Around the world, people seem to be breathing a collective sigh of relief as cities liven up with a renewed sense of hope. But the road to this point, after a year of loss and hardship, has not been easy. And often, cities were at the forefront of addressing some of the toughest challenges.
It’s no wonder that they’re now getting some much-deserved recognition, and inspiring others with a little positive competition. As we focus on moving our communities forward, it’s important to look back and reflect on our learnings from the last year.
This month’s selection of articles looks at global good practices to fuel your own innovation. Happy reading!
While the pandemic seemed to push many cities towards digital data solutions, it wasn’t exactly an overnight phenomenon. In fact, Bloomberg Philanthropies’ What Works Cities initiative has been certifying cities “based on how well they use data, from measuring goal achievement to making information public” for some time now, and in 2021 16 new U.S. cities were awarded certification.
Why recognize cities for their data usage? Well, for one, “according to a report from Monitor Institute by Deloitte and What Works Cities, city governments that use data also are able to identify the needs of residents more efficiently, and deploy policies where they can have the greatest impact.” Data collection, paired with proper data analysis, can make for swift and much-needed change. Read more to find out how some of the certified cities worked on increasing broadband access, creating housing for homeless veterans, and improving traffic flows.
Trust in government institutions, which is vital to the future of democracy, has been eroding for the last several decades. Now, “this lack of trust, whether in government institutions or the system itself, makes finding and implementing solutions to our communities’ greatest challenges—like policing, COVID-19 responses, and vaccine distribution—even harder.”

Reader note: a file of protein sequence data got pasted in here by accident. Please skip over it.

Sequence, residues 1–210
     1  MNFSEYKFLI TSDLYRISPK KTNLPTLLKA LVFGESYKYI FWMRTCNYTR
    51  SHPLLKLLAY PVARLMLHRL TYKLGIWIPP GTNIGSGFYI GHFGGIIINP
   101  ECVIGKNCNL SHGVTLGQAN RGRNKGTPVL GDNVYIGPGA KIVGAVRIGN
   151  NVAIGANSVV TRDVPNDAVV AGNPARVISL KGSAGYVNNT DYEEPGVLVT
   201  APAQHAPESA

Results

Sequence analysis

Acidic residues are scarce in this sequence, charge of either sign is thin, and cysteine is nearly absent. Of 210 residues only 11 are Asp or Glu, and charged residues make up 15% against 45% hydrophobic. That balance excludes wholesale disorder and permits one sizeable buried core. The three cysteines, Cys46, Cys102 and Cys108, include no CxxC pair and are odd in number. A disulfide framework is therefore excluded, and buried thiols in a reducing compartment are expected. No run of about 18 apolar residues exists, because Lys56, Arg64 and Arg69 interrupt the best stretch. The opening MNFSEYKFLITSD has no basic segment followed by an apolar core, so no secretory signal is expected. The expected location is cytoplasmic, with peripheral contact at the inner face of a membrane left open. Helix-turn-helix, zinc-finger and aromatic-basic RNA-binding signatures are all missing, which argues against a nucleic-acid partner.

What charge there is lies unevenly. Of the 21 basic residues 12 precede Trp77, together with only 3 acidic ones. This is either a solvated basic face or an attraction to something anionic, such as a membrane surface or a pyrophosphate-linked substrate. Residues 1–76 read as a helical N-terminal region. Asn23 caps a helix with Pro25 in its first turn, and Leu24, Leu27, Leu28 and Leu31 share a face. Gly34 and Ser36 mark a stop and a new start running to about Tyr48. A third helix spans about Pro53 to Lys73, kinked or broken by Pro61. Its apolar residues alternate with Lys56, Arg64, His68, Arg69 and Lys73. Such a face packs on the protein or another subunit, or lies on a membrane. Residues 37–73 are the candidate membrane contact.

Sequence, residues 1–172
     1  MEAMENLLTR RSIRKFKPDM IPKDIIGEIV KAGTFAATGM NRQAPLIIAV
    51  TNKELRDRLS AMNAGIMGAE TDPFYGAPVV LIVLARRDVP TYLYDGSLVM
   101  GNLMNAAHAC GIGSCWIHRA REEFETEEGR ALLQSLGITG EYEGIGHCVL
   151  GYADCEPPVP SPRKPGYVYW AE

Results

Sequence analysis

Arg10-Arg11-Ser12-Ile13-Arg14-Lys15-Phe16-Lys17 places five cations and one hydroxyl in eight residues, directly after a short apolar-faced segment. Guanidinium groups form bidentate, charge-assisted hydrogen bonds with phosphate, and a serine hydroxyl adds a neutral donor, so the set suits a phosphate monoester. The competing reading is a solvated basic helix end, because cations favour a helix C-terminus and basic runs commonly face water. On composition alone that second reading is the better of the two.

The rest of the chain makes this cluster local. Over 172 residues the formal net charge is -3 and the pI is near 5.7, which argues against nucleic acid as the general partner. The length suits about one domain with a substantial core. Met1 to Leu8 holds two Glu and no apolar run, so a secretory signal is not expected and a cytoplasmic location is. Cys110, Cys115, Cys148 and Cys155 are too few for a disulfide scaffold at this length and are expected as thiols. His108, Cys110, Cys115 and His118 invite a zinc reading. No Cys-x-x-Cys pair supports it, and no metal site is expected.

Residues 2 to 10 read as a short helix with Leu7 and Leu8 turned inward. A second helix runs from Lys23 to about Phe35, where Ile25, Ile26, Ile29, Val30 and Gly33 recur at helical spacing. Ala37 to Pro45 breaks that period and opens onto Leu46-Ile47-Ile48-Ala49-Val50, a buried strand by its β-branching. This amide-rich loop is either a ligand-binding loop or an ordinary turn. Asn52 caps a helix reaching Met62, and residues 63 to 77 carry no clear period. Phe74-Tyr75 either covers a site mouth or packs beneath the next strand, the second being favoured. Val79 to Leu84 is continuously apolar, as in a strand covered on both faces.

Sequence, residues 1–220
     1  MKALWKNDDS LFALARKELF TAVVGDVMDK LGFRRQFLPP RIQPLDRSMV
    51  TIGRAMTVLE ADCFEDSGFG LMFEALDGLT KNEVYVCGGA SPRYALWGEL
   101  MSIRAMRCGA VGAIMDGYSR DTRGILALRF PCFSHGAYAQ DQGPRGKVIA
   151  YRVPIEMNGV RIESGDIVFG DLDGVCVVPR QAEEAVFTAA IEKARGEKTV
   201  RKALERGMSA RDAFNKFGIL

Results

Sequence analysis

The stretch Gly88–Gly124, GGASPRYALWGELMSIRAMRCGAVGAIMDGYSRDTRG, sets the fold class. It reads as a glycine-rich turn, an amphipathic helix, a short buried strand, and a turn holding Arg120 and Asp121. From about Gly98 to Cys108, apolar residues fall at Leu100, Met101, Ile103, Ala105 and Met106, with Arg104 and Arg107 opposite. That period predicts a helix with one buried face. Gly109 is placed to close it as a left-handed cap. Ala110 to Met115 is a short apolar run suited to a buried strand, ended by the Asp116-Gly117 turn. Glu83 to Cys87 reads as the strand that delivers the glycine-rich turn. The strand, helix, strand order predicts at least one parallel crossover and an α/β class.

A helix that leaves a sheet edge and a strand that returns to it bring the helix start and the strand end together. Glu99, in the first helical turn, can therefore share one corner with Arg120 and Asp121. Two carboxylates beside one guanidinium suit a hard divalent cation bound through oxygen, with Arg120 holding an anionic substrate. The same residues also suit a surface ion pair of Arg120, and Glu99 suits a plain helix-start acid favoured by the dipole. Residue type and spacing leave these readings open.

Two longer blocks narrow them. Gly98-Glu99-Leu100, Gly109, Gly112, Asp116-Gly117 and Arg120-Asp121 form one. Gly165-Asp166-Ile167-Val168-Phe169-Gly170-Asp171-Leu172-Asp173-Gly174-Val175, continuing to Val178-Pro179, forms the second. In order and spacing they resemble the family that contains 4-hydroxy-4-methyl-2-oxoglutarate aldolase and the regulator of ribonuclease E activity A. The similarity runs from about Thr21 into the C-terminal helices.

Shobita Parthasarathy, director of the Ford School’s Science, Technology, and Public Policy program, notes that “Because community knowledge is rarely incorporated into decision making, individuals are less likely to trust these expert institutions. And when community knowledge is rejected in favor of scientific knowledge, it masks citizen concerns.”
This piece explores learnings from fragile states that show how trust can be earned or lost in feedback loops, and highlights how prioritizing community expertise for institutional change can make a difference.
“Beyond Silicon Valley: the 6 cities building the future of the global tech industry”, by Rest of World
While Silicon Valley may be renowned as the birthplace of countless startups, speculation about the “next Silicon Valley” has been rampant for a while now. And that’s not just because the area’s unsustainable living costs are changing the startup landscape, but because of the incredible talent and support systems that exist elsewhere in cities around the globe.
Many of the world’s new tech hubs are modeled after Silicon Valley’s successes and lessons learned. As these tech hubs grow, what impact will they have on the way their cities and governments utilize technology? How will their growth impact the future of the local communities in these cities?
In this piece, Rest of World takes a deep dive into six tech hubs that have been growing across the world, from Lagos to Medellin. But don’t be too quick to compare these bustling hubs with their OG inspiration: “Some have been called the ‘Silicon Valley of …’ their respective countries, but to compare them directly does them an injustice. Each has its own story and a set of unique factors behind its rise.” We hope technological innovation helps these communities of the future thrive!
It’s undeniable that the pandemic has left “its mark on cities, impacting urban design, transportation and governance”. But what is remarkable is the way this impact has begun to shape our orientation towards resilient cities of the future.
In this piece, five thought leaders weigh in on developing resilience trends, like slow cities and walkable neighborhoods, that could shape the future of their communities. They suggest creative solutions such as “disaster evacuation in reverse”, which considers how to apply emergency planning for stay-home situations, or bike networks for “a fuel-free, all-terrain, distributed transportation system – resilient to disaster”. Their proposed solutions all recognize the vital role that civil society plays in a city.